Democracy rules in more EU countries are under more pressure

EP Plenary session - Report on the Commission's 2023 Rule of Law report

Members of the European Parliament have warned about the democratic rule of law in countries such as Hungary, Malta, Slovakia and Greece. It is in danger there and must be protected, they say. In these and other EU countries, the media, vulnerable groups, civil society and the independence of authorities are under pressure. Things are also not going well in Spain and France.

It is not only about democracy, but also about the rule of law and fundamental rights that are at risk in these countries. In the debate in Strasbourg, MEPs sounded the alarm: they believe that the European Commission is not taking sufficient action against governments with authoritarian tendencies that would like to tamper with democracy. According to them, the Commission's passivity applies in the area of the EU values and fundamental rights.

When it comes to the independence of the judiciary, Parliament points out the differences between the EU countries. This mainly concerns the appointment of high judges, such as in Hungary. Democratic institutions are also being tinkered with in other countries. For example, Slovakia is proposing to adjust institutions and the media landscape, and organizations that receive foreign funding are under fire. 

At the same time, corruption remains a major concern for Parliament, which once again condemns systematic, discriminatory, non-transparent and unfair practices in EU countries. In Hungary, several companies tapped into EU funds to enrich political friends of Prime Minister Viktor Orbán's government.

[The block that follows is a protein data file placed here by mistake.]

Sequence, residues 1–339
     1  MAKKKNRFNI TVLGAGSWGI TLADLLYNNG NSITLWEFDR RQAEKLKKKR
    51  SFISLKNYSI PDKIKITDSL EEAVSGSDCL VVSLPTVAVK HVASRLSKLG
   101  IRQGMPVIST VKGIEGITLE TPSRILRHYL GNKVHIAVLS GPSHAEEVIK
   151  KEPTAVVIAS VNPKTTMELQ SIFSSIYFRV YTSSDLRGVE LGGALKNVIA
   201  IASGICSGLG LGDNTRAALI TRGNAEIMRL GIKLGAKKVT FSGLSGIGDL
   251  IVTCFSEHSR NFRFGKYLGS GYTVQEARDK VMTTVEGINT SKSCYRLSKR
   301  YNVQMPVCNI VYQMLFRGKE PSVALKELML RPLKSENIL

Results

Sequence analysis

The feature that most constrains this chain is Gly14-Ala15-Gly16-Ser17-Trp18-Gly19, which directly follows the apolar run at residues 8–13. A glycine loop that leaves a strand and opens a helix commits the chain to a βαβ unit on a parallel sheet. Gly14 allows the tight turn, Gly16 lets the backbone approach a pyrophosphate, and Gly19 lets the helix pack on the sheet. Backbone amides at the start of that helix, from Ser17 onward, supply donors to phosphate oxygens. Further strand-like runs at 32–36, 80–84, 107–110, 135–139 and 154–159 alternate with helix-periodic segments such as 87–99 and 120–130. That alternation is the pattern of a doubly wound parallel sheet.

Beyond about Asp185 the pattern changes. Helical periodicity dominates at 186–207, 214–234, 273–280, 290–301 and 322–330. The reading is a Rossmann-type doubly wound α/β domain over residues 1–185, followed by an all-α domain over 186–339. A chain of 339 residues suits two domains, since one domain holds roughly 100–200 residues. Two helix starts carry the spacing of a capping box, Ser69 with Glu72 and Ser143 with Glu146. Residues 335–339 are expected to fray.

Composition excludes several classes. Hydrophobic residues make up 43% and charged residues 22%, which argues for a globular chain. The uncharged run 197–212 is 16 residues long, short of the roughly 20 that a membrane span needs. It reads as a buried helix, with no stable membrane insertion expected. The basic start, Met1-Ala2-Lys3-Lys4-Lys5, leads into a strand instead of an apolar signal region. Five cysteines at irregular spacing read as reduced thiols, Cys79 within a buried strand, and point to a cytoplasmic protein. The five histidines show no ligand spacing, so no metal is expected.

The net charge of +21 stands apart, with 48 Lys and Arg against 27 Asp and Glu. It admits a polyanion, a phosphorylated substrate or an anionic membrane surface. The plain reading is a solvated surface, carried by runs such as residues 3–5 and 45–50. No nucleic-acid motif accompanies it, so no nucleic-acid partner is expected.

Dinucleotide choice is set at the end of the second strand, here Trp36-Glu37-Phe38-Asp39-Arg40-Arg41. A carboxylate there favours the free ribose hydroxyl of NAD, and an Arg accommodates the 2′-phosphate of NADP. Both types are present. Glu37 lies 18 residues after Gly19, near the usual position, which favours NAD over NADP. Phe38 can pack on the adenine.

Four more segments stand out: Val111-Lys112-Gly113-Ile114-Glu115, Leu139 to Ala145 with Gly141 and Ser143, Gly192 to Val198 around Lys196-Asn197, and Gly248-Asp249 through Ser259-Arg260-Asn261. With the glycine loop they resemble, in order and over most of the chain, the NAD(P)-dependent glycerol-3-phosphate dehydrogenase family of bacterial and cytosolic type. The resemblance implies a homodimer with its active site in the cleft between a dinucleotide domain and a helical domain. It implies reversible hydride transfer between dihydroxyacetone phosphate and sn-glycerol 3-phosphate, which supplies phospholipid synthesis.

Three young Roma were recently murdered in Greece, Parliament has noted. The independence of supervisory authorities is also threatened there. Take, for example, the Greek approach to the spyware scandal. Furthermore, there are objections from Parliament against the proposed amnesty law in Spain, which should grant amnesty to convicted Catalan constitutional offenders.

In a resolution, MEPs deplore the excessive force and discriminatory treatment of demonstrators by the Greek police. The same is happening in France, where in addition to disproportionate violence against demonstrators, many demonstrators are also being arrested unnecessarily. 

The European Parliament also notes that minority rights are being undermined in several EU member states. This has consequences for religious groups, LGBTIQ+ people, women, refugees and migrants.

The EP rapporteur on the annual Rule of Law situation, Dutch MEP Sophie in Veld (Renew/D66), called on the European Commission to take tougher action against governments of EU countries that affect the rights of EU citizens. “People have the right to know how the rule of law is going in their country. Where the rule of law deteriorates, problems arise that directly affect people.

Increasing corruption in particular is such a problem. Not so long ago we saw how Covid prevention tools fell into the wrong hands due to corruption. Today marks one year since a fatal train disaster took place in Greece, which could have been prevented if European money for rail safety had not been embezzled. An example of how corruption can be very deadly. “